By Gale Holland
The city of Los Angeles has approved a deal for nonprofit and private developers to convert “nuisance” motels into 500 permanent supportive apartments for homeless veterans.
Officials called it a major step forward toward developing large-scale housing for hundreds of homeless veterans. Advocates say about 2,700 homeless veterans remain in the County, despite an intensive drive by local and federal officials.
Under the deal, developers will purchase underutilized, often run-down motels from private owners and convert them to efficiency apartments. The city’s housing authority will issue vouchers funded by the U.S. Department of Veterans Affairs, which will cover residents’ rent and provide supportive services, including case management and counseling.
Further financing is expected to come from Proposition 41, which directed $600 million in bond money to fund housing for poor and homeless veterans.
The novel scheme is expected to short-circuit the years of red tape and financing issues that often delay homeless housing developments and have the apartments ready to open by January, officials said. The vouchers are good for 15 years, and the deal is expected to enable landlords to turn a profit.
“Instead of allowing blighted properties to decay, let’s use them to make a powerful change in our communities by giving our veterans the access to services and housing that they need and deserve,” Mayor Eric Garcetti said in a written statement.
The city’s housing authority on Thursday awarded 400 rent vouchers to Shangri-La Construction, a unit of Shangri-La Industries, founded by Hollywood producer Steve Bing, and Step Up on Second, a nonprofit homeless housing agency. The team has 60 days to secure sites.
Volunteers of America, a nonprofit affordable housing group, will develop 100 units at a motel near its existing project in North Hollywood,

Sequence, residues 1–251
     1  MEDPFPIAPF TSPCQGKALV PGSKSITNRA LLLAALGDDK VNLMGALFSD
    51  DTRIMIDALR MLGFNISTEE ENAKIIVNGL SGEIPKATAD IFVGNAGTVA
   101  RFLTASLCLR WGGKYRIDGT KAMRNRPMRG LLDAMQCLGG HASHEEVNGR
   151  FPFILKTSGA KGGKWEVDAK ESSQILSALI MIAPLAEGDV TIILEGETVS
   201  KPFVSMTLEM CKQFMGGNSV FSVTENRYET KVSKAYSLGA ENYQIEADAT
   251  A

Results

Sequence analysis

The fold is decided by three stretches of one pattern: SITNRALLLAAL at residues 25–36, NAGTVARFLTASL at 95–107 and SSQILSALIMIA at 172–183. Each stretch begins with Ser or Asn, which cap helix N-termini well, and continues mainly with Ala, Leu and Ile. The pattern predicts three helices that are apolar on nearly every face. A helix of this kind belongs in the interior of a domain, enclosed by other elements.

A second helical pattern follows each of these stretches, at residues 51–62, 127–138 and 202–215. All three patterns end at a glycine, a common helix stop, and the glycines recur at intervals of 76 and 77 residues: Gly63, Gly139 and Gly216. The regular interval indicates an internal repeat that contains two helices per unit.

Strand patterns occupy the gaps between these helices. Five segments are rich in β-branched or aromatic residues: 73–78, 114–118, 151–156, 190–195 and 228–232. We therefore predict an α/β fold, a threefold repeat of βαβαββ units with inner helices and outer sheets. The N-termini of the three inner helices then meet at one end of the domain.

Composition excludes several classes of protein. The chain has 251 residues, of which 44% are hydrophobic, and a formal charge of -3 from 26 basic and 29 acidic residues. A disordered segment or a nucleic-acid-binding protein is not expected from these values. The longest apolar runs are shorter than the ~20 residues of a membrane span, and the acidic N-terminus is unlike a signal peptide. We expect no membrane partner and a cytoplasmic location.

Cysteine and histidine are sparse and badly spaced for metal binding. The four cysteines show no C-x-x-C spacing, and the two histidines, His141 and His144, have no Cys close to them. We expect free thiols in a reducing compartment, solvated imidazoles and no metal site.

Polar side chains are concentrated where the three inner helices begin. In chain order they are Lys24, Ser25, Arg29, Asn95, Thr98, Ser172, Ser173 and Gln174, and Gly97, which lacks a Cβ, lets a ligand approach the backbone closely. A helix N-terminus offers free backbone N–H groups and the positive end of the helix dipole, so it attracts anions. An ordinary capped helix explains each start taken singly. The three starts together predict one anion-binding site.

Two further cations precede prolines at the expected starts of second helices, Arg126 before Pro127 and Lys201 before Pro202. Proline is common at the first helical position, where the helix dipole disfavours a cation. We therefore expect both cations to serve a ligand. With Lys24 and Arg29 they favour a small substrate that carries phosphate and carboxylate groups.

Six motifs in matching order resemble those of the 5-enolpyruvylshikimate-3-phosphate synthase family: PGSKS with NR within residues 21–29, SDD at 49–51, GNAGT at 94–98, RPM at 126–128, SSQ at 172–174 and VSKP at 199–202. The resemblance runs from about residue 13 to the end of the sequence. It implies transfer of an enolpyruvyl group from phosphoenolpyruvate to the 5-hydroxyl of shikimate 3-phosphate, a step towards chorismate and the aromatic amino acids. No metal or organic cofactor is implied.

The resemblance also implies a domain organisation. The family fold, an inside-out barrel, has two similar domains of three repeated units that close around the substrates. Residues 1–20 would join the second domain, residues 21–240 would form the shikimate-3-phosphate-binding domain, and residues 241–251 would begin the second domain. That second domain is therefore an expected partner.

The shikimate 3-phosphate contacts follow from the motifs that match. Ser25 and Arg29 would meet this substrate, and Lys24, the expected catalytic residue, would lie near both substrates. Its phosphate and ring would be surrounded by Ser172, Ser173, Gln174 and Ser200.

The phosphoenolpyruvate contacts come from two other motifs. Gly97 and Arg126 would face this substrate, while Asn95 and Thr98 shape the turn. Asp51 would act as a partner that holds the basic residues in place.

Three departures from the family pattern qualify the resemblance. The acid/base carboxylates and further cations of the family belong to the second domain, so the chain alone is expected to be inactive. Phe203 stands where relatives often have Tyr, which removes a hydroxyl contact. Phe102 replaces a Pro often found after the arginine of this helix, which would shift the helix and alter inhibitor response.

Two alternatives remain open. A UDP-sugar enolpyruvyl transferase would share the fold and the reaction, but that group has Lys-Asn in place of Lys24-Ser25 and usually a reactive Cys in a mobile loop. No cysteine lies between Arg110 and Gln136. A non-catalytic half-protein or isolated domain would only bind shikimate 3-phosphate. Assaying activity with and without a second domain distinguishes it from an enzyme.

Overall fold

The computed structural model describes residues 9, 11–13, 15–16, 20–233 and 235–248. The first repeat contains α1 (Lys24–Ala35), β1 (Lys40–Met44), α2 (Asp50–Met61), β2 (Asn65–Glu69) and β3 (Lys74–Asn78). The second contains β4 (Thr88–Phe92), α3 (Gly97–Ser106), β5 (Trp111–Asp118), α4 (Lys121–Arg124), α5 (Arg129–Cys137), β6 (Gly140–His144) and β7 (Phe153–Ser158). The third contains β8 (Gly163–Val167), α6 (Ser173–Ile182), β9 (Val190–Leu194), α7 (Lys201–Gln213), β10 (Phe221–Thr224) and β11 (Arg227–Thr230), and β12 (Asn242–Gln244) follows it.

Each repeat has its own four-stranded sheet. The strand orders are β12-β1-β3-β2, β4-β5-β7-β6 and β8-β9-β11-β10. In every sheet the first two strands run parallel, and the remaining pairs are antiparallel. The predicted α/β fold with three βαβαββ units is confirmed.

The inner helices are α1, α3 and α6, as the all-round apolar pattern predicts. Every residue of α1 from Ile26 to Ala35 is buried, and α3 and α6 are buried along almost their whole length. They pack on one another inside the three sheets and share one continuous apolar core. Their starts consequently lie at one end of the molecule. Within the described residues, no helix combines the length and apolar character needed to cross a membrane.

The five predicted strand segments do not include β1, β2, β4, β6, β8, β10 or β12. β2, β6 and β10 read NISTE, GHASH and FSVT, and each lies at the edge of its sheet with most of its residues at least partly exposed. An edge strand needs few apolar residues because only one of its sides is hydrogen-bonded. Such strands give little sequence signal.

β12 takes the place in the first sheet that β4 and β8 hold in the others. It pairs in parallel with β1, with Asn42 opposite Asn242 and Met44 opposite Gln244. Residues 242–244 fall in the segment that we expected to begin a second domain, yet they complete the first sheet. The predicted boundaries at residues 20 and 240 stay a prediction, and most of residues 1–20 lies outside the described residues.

Philip Mangano, the federal homelessness czar under President George W. Bush, called the project a national model and said it demonstrated how private capital and social service agencies can team to produce large-scale homeless housing.
“Nobody else is doing this around the country,” said Mangano, who participated in discussions with Veteran Affairs Secretary Robert A. McDonald that led to the deal. “There are business people involved [in homeless housing] but not to this scale.”
“What I like about the project is it’s immediate,” said Volunteers of America President Bob Pratt. “Making these homes available for vets right now, that makes it unique.”
Tod Lipka, president of Step Up, said his agency teamed with Shangri-La on a smaller motel conversion that created 34 units of homeless housing in Hollywood, but nothing of this caliber.
“New permanent supportive housing can take four or five years, and produce 30, 40 or 50 units at a time,” said Lipka. “Four hundred is exciting.”
Lipka said his group is looking at building at several different sites so homeless veterans can stay in their own communities, ideally close to medical facilities.
Housing Authority President and Chief Executive Douglas Guthrie said residents are less likely to oppose the housing in their neighborhoods because it will replace motels that “are not of the highest order.” Los Angeles City Atty. Mike Feuer has sued a handful of so-called nuisance motel owners for allegedly tolerating rampant drug activity and prostitution.
Heidi Marston, Special Assistant to McDonald, said the VA is hoping the county will approve a similar plan. The county housing authority has discussed the idea with developers but has no specific proposal before it, spokeswoman Elisa Vasquez said.